Versailles – March 11, 2018

Baroque & Beyond
Sunday, March 11, 2018 at 3:00 pm
Chapel of the Cross, 304 E. Franklin, Chapel Hill

The season finale for the early music series Baroque & Beyond takes place in Chapel Hill on March 11, with a program of music by composers associated with Versailles. François Couperin’s name is probably the most familiar, at least to listeners with an interest in baroque-period music. Couperin (1668-1733) was born into a renowned musical family – one comparable to the extensive Bach family in Germany. Ultimately recognized as the most famous member of the Couperin musical dynasty, François is today referred to as “Couperin le Grand”. He was among the most celebrated harpsichordists of his day. His music has been described as a poetic universe, one that transports the listener straight into paintings of the period such as those by Watteau.

A second well-known composer is Marin Marais (1656-1728). A consummate player and composer for the viola da gamba and other instruments of the viol family, Marais was said to play like an angel. Much of his output is centered in compositions for viols, although he wrote larger works (operas, sacred works) as well. His Pièces en Trio for flutes, violin, dessus de viol, and basso continuo, contains six suites, one of which opens the March 11 concert.

Moving on to composers who are less likely to be household names, Louis-Antoine Dornel was an organist, harpsichordist and violinist who wrote keyboard music, four books of chamber music, cantatas and vocal pieces. On this program, listeners will hear a work for three treble voices (no bass or continuo) from his third book of chamber music.

A remarkable composer whose music was popular at Versailles was Elisabeth Jacquet de la Guerre. It would be unfair to think of her as a woman composer in an era when that was rare, because that might detract from the very high quality of her compositions. Elisabeth Jacquet was born into a family of musicians and instrument makers and was a child prodigy; she performed at a young age for King Louis XIV. As a teenager she was brought to the French court where her education was supervised by the king’s mistress. She married the organist Marin de La Guerre, and afterwards she taught, composed, and gave concerts throughout Paris that were highly admired. She was an accomplished improviser. The March 11 concert includes one of her sonatas for violin, viol and basso continuo.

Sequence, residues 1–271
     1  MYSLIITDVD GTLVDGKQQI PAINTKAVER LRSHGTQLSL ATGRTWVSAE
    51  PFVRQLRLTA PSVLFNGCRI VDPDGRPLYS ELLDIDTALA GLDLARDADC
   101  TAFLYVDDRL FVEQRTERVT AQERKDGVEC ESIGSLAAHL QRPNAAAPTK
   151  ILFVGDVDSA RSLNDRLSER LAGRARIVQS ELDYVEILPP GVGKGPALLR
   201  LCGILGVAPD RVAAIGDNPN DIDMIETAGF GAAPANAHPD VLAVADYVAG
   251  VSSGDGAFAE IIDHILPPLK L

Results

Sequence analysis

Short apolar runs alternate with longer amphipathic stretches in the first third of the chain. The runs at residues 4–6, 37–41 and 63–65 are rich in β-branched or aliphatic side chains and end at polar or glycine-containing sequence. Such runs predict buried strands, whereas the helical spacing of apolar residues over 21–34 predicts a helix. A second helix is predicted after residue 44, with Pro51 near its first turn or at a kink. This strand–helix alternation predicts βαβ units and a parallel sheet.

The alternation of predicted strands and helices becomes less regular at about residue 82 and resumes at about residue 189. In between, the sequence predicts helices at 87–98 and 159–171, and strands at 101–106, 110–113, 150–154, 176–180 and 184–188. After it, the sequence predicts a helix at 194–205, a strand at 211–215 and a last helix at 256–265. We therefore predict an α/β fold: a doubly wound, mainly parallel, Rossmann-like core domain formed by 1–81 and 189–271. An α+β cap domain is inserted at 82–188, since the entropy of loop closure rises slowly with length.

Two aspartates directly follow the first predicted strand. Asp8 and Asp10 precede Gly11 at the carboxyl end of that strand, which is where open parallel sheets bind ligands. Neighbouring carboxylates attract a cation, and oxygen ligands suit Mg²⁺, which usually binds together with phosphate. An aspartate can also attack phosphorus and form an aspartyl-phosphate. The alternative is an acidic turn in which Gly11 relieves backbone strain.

Last on the program is Deuxième Recreation de Musique, Op. 8 of Jean-Marie Leclair, a violinist and composer who is considered to have founded the French violin school.

The program highlights the talents of Jennifer Streeter, recorder; Gesa Kordes, violin; Gail Ann Schroeder, viols; and Beverly Biggs, harpsichord. Streeter grew up in Europe, holds degrees in recorder and harpsichord from Indiana University, and now lives in Cary. Kordes was born in Germany, performs internationally, and has founded early string programs at UNC Greensboro and at the University of Alabama, where she serves on the faculty. Schroeder completed her musical studies in Belgium, serving as assistant to Wieland Kuijken at the Royal Conservatory, and teaching for many years at the Brussels Conservatory before returning to the U.S. and settling in Asheville. Biggs is Artistic Director of Baroque & Beyond and an active freelance harpsichordist. Musician bios can be found at under the Musician tab.

Tickets for the concert are $18 and are available in advance online from Preservation Chapel Hill and also at the door. Suggested parking is the Planetarium lot next door or the Rosemary parking deck. The concert venue is the historic chapel at Chapel of the Cross.


  • Suite No. 1 in C major, Pieces en Trio – Marin Marais
  • Suite from 14th Ordre (arr. recorder & harpsichord) – F. Couperin
  • Sonata No. 4 in G for violin, viol & b.c. – Jacquet de la Guerre
  • Sonate a 3 dessus in G major – Louis-Antoine Dornel
  • Deuxieme recreation de musique, Op. 8 – Jean-Marie Leclair